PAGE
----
Did the Shawnee Chief Cause or Predict the Tremors of 1811?

tecumsehThe Battle of Tippecanoe was short and ferocious with many casualties on both sides. Now, there is a ghostly army that marches in November.

Historical Facts

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William Henry Harrison was to become the ninth President of the United States. Tecumseh was the proud Chief of the Shawnees. His and his brother’s, Tenskwatawa, also known as The Prophet, lives would become entwined with Harrison’s.

In 1809, Harrison made a treaty with the Shawnees in which they would lose almost three million acres of ancestral lands to the white man. Tecumseh and Tenskwatawa intended to take back their land.

Tecumseh and the tribes that joined him and his warriors terrified settlers. William Henry Harrison was now the Governor of the Indiana Territory Militia. He and his troops left to go to the Tippecanoe River to drive the AmerIndians out of their land.

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Tenskwatawa said he and his men wanted to meet with Harrison on November 7th to talk. The white chief agreed. That dark morning, a freezing rain fell. The Shawnees warriors swooped onto the soldiers.

The battle was rough. Sixty troops died and over 100 were wounded. Many Shawnee fighters were killed or injured. Tenskwatawa and his men left before dawn. This became known as the Battle of Tippecanoe.

Harrison retaliated by burning the Shawnee encampment, but The Prophet and his warriors had already fled. Tecumseh was in southern Indiana when the battle happened and was furious with his brother for ruining his plans to defeat the white man.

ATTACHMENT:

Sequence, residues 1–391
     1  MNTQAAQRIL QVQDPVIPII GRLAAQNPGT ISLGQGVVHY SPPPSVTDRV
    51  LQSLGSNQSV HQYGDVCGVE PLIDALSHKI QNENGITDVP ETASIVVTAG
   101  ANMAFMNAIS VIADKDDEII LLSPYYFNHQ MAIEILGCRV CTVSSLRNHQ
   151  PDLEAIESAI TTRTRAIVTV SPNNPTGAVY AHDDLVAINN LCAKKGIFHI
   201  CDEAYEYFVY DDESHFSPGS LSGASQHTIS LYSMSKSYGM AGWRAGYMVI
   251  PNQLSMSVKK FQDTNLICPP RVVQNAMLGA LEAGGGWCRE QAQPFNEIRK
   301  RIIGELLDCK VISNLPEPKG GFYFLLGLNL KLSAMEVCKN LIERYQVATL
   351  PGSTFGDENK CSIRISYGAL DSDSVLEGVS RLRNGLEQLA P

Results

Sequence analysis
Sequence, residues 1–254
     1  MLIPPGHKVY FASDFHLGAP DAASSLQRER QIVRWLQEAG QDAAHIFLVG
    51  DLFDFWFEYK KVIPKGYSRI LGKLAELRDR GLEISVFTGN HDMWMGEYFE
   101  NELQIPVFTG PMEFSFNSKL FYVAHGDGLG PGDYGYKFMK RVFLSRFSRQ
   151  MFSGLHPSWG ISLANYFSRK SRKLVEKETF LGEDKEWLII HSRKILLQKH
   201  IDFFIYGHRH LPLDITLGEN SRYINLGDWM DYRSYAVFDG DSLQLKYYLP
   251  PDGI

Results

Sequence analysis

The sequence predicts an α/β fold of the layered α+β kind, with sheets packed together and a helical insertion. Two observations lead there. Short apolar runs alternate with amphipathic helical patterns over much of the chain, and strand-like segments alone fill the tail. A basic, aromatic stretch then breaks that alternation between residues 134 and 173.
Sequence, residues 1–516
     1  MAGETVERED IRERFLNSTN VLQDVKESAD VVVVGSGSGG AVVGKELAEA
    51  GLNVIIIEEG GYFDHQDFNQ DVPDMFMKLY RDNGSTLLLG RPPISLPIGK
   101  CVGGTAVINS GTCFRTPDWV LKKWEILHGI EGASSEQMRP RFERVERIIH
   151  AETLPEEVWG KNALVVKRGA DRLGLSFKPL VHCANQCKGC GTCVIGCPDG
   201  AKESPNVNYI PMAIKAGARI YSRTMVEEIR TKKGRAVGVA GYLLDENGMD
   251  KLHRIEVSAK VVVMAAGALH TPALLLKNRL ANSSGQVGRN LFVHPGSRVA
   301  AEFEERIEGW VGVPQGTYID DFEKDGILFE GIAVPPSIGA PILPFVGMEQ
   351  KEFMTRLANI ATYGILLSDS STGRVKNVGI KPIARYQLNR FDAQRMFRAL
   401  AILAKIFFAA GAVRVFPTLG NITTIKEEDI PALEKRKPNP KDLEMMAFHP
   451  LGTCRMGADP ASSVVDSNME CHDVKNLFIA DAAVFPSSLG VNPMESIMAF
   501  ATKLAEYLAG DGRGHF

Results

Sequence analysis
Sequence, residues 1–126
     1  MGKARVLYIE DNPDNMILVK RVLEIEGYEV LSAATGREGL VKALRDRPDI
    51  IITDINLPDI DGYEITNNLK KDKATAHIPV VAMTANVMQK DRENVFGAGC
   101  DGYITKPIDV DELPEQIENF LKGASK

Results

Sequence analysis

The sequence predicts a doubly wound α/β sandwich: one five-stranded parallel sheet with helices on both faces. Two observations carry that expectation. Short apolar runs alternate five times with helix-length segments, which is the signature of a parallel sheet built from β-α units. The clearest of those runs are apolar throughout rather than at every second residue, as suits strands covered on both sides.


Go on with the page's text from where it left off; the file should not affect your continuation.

New Madrid Earthquake

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In early 1811, Tecumseh traveled to villages in the Midwest and the South, urging them to join the Shawnees in their quest to regain their property.

He spoke to the Apaches, the Sioux Nation and the Alabama people. Many warriors joined his tribe, although they doubted they would succeed. One Alabama tribe who camped by the Mississippi held Tecumseh in contempt.

Snow fell early that year. The Shawnee Chief told the Alabamas that when he returned to his homeland in Detroit, he would stomp on the ground and their wigwams would tumble down. They treated him with mockery.

Tecumseh’s curse or, perhaps, prophecy, appeared to be fulfilled several weeks later.

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On December 16th, the worst earthquake in US history stuck. Its epicenter was close to the Missouri town it was named after. Wigwams and homes Kansas City to Cincinnati were shaken.

Farms and towns were inundated by the earth. The loss of lives is unknown. Estimates varied from several hundred to thousands. The Mississippi River actually flowed backward swamping boats.

Some of the Alabamas believed Tecumseh stomped his feet making the earth shake while others thought he predicted the quake. They were scared.

Aftermath and a Ghostly Cavalry

Tecumseh and most of his warriors went to Canada where they joined the British forces in the War of 1812. The Shawnee Chief was killed in Ontario during the Battle of Thames.

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A ghostly cavalry makes it way to Tippecanoe. In early November, people hear the marching of phantom feet the beating of their drums. The sounds grow louder in approaching, then fade out after the spectral soldiers pass by. Their remnants are not seen….

Still, the question remains, did Tecumseh predict the Madrid Earthquake or did he cause it?

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Jake Carter

Jake Carter is a researcher and a prolific writer who has been fascinated by science and the unexplained since childhood.

He is not afraid to challenge the official narratives and expose the cover-ups and lies that keep us in the dark. He is always eager to share his findings and insights with the readers of anomalien.com, a website he created in 2013.

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